WASHINGTON — The Justice Department said Wednesday that it has launched a criminal investigation into the recent cybertheft of more than 110 million Target customers' data, including the credit card numbers of 40 million Americans.
"We are committed to working to find not only the perpetrators of these sorts of data breaches, but also any individuals and groups who exploit that data via credit card fraud," Atty. Gen. Eric H. Holder Jr. said during an appearance before the Senate Judiciary Committee.
Although the Justice Department rarely comments on active investigations, Holder took the unusual step of publicly confirming that the investigation is underway, saying his department "takes very seriously reports of any data breach, particularly those involving personally identifiable or financial information."
Minneapolis-based Target Corp. announced last month that payment card information for 40 million customers was stolen over a two-week period during the holiday shopping season, along with the names, addresses, email addresses and phone numbers of an additional 70 million customers.
Some customers have reported noticing fraudulent charges, and thousands of newly minted credit cards with the stolen information have surfaced.
Target said late Wednesday that cyberthieves stole credentials from one of the retailer's vendors to access its system, according to an ongoing forensic investigation into the data breach. The company said that since disclosing the hack Dec. 15, it has cleared its system of the malware that had been planted.
"In addition, since that time we have taken extra precautions such as limiting or updating access to some of our platforms while the investigation continues," Target spokeswoman Molly Snyder said.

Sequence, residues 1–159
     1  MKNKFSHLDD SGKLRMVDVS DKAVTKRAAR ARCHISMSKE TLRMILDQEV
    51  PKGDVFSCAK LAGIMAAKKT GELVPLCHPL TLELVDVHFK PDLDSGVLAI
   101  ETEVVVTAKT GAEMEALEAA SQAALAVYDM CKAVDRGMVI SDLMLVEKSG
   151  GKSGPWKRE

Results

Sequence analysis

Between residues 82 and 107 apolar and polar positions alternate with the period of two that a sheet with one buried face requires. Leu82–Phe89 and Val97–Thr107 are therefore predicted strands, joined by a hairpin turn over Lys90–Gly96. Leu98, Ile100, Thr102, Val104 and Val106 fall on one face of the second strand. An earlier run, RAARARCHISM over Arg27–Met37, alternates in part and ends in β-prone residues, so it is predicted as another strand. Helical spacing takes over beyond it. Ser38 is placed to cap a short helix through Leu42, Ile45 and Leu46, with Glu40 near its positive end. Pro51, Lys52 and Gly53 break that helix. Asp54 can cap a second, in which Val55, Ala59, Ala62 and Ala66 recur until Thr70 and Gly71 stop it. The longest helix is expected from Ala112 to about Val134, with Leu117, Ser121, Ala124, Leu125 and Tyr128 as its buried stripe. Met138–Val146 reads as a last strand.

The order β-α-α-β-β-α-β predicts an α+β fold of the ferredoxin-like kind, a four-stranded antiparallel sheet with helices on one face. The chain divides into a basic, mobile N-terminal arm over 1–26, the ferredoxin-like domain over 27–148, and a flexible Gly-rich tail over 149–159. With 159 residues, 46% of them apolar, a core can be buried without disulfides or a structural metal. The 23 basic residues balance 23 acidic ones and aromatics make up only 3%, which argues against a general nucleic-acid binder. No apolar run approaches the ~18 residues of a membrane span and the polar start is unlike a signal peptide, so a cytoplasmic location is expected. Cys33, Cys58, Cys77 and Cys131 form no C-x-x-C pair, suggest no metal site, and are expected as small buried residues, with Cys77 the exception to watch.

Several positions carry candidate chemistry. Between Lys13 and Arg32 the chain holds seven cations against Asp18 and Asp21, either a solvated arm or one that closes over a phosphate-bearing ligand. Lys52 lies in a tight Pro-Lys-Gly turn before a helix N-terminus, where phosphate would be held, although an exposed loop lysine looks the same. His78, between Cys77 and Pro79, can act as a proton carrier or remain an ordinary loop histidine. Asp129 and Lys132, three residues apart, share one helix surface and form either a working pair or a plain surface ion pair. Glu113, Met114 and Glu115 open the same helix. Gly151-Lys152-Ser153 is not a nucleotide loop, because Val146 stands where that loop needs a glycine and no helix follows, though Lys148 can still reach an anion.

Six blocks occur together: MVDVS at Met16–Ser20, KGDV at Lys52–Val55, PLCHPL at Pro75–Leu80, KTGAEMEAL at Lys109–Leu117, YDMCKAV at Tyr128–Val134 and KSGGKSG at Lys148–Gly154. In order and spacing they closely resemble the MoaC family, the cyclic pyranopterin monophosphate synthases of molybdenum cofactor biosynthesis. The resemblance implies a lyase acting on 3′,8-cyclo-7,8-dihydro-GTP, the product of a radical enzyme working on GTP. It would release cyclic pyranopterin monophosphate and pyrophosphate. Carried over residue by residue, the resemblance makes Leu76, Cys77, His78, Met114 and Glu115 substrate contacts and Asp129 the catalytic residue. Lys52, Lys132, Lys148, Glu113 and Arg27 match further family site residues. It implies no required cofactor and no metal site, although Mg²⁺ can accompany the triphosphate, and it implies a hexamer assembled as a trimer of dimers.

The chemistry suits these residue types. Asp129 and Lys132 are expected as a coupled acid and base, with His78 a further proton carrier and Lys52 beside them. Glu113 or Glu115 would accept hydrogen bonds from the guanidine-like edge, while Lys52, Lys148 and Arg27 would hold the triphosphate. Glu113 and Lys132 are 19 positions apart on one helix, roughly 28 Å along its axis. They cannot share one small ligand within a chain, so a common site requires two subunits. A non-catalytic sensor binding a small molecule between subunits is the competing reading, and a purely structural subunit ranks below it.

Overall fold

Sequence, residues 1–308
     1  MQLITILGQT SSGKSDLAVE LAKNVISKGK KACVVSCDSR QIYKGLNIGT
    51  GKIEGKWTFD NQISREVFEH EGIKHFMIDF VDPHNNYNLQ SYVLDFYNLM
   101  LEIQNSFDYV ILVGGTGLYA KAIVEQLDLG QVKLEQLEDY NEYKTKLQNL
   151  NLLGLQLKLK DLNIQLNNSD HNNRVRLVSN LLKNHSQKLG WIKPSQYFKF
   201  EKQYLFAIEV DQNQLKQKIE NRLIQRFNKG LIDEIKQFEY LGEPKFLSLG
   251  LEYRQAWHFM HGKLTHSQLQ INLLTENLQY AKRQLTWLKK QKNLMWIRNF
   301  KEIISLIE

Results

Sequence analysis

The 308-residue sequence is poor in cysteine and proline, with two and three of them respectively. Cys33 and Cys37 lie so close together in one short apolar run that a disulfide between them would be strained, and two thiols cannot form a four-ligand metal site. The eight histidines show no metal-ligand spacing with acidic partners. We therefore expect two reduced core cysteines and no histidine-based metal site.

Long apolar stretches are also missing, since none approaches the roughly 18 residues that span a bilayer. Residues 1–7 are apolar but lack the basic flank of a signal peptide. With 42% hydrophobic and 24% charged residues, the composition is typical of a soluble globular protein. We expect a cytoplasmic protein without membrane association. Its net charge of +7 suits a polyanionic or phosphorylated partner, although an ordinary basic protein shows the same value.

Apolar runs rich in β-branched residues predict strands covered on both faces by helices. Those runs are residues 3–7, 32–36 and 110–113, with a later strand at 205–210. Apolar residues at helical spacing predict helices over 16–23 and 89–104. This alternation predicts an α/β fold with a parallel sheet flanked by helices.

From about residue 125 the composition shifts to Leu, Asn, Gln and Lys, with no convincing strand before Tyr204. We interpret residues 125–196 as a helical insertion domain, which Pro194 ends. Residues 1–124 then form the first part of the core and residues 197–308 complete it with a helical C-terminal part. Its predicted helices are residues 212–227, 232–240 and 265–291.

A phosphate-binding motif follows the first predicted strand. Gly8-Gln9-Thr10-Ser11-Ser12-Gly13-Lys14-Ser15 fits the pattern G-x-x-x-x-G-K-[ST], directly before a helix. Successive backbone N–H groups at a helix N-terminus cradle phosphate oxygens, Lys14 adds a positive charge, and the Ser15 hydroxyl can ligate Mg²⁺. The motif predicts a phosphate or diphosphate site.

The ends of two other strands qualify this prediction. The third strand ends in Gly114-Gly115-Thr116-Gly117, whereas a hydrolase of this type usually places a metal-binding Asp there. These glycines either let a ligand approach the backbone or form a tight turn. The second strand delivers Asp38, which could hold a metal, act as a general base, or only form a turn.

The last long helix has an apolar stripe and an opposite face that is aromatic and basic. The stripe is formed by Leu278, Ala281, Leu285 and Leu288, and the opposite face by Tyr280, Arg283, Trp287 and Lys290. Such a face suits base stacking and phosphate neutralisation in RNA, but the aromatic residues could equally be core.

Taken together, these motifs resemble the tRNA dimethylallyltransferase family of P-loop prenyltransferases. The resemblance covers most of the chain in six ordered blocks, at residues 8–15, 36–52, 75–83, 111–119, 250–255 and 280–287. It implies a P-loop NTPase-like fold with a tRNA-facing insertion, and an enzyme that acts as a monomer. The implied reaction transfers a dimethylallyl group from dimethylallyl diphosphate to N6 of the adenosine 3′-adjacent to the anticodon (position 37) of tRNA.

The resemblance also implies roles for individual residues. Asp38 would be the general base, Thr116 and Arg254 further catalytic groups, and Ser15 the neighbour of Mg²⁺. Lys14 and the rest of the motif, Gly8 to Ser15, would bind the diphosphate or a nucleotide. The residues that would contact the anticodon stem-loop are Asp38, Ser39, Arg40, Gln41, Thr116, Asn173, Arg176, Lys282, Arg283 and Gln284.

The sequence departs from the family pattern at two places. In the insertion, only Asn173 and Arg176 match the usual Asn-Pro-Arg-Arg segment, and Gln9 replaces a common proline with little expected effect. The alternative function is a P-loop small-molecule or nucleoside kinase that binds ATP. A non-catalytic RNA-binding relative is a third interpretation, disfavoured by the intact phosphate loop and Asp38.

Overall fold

Federal authorities this month arrested two Mexican citizens trying to enter the U.S. in McAllen, Texas, with scores of fraudulent credit cards that law enforcement officials suspect might be linked to the Target case. Daniel Dominguez Guardiola, 28, and Mary Carmen Vaquera Garcia, 27, were detained by U.S. Customs and Border Patrol officials on outstanding arrest warrants for credit- and debit-card fraud.
Although the pair was not believed to be involved in the original cyberattack against Target, law enforcement officials said the arrests may be a sign that the stolen data have been sold and are beginning to circulate around the country.
U.S. law enforcement authorities are also looking into reports that part of the computer code used to hack into Target was written in Russia, leading some to suspect that international organized crime networks played a part.
Holder underscored the growing threat of cybercrimes, calling it one of the biggest challenges for federal law enforcement in the years ahead.
"This nation needs to be afraid of where we could be after a cyberattack," he said. "When you see the proliferation of these cyber capabilities to criminal organizations, to nation states, our nation is at risk. Our infrastructure is at risk. And we as a nation have not, I think, adequately responded to it."
The Justice Department launched a 120-day evaluation of how it can better fight cybercrime. "It is only going to get worse," Holder said.
Industry groups are mobilizing new programs to identify cyberthreats and promote consumer safeguards to prevent fraud.
"Retailers place extremely high priority on data security and invest tremendous resources to prevent attacks," said Sandy Kennedy, president of the Retail Industry Leaders Assn. "But cybercriminals are persistent and their methods of attack are increasingly sophisticated."
Separately, Holder used the hearing to refute a report in the Wall Street Journal — cited by conservative GOP lawmakers — that the Justice Department's probe into allegations that the Internal Revenue Service improperly targeted conservatives was completed and had uncovered no criminal wrongdoing. "It is an open inquiry and is still going on," the attorney general said.
He defended the career prosecutor who is overseeing the case — Barbara Bosserman from the Justice Department's civil rights division — saying her personal political donations of nearly $7,000 to President Obama and the Democratic Party had no bearing on her ability to help run the investigation.
Conservative lawmakers and groups have called for her resignation, saying her contributions raised questions about her ability to be objective.
Times staff writer Tiffany Hsu in Los Angeles contributed to this report.Copyright © 2014, Los Angeles Times